A year and a half ago, our family decided to leave our local physical public school system due to safety concerns. Our daughter was surrounded by bad behavior from defiant and disrespectful students and while none of it was directed specifically at her, it was impairing her ability to concentrate and participate. Additionally, we were hearing that the instructors were unable to effectively cope with the number of students acting out, which creates an unsafe environment for everyone in the schools. Our daughter was feeling anxious and depressed, dreading going to school and as a result her grades were negatively impacted. To address our concerns, we inquired at the schools to learn more and we were discouraged by the enormity of the problems in the schools. So we began the journey of exploring homeschool options. That's when we came across online public school as an alternative to homeschool. While there are several online public school options in our area, we chose to participate in K12.
In our state, the K12 program that our daughter attends is called WAVA (Washington Virtual Academies). WAVA and all the other K12 programs in other states are conducted entirely online. Each state's program is aligned with a specific school district. For our state, WAVA is hosted by the Omak School District, which is located on the other side of the state from us. About 3,400 students all across Washington participate in the program. When our daughter graduates, her diploma will indicate she attended Omak School District and it will look the same as any other diploma from that school district, which also has physical schools.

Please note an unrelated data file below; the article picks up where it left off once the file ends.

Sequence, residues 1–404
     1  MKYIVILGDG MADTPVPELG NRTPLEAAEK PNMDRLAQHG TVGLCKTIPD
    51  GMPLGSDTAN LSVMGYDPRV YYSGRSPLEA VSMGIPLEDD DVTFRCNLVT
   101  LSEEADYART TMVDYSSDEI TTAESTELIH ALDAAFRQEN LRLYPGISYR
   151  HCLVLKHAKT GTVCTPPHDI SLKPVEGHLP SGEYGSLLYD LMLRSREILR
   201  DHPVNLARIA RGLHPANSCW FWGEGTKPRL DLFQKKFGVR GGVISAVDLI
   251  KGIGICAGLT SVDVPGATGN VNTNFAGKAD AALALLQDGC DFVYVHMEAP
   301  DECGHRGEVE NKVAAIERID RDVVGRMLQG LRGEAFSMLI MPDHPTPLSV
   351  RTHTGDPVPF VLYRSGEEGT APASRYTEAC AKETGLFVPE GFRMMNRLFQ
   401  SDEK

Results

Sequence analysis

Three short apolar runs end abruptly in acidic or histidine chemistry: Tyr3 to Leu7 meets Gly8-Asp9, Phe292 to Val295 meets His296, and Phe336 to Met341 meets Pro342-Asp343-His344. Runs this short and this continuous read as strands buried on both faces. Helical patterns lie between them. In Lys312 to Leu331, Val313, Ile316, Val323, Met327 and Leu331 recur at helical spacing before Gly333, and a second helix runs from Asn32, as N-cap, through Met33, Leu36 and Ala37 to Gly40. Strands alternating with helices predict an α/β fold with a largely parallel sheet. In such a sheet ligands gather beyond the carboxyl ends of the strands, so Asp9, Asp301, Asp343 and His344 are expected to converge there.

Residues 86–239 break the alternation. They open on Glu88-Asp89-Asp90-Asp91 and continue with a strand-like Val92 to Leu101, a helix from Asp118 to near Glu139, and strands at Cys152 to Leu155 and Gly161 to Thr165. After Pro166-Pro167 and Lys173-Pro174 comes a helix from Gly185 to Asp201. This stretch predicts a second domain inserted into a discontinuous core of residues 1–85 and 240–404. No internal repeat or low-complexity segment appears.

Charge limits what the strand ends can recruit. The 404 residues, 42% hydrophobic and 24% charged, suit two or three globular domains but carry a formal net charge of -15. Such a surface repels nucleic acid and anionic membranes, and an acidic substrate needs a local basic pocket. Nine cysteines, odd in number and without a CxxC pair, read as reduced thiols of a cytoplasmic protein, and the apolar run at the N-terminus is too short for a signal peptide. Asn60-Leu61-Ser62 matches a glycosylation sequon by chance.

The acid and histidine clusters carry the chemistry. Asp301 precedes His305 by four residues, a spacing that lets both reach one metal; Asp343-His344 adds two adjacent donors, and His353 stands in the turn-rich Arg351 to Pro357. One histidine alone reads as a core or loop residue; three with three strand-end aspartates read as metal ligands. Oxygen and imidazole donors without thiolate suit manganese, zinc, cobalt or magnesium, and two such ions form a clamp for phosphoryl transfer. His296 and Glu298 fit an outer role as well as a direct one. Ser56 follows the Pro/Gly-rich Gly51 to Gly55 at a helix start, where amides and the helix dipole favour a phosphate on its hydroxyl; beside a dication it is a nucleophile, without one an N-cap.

Since online public schools are part of the tax-funded public school system (which our tax dollars have been paying in to all these years), we are able to take advantage of school resources without the burden of additional out-of-pocket costs that homeschool families would normally face. This means there is no extra charge for tuition, for our daughter to attend online classes or for her to use school textbooks. Much like traditional public school, her high school day is broken out into different subject areas each with an instructor. Textbooks and other supplies required for each course are sent to us by mail and there is no charge for these. We simply return the books and any leftover materials by mail at the end of the semester, reusing the shipping box that they were delivered to us in. WAVA also provided her with a laptop to use this year, which is returned at the end of the school year.
Each day in online public school, our daughter has several live classes conducted online using a technology called Blackboard. The live sessions are quite remarkable. The teacher's whiteboard (similar to a chalkboard) fills the middle of the screen, there is audio and there is often video as well so that the students can see the teacher talking. Students can use a chat box to share their input during class discussions and are able to see what the other students have typed. Overall the live session feels much like an ordinary in-person class.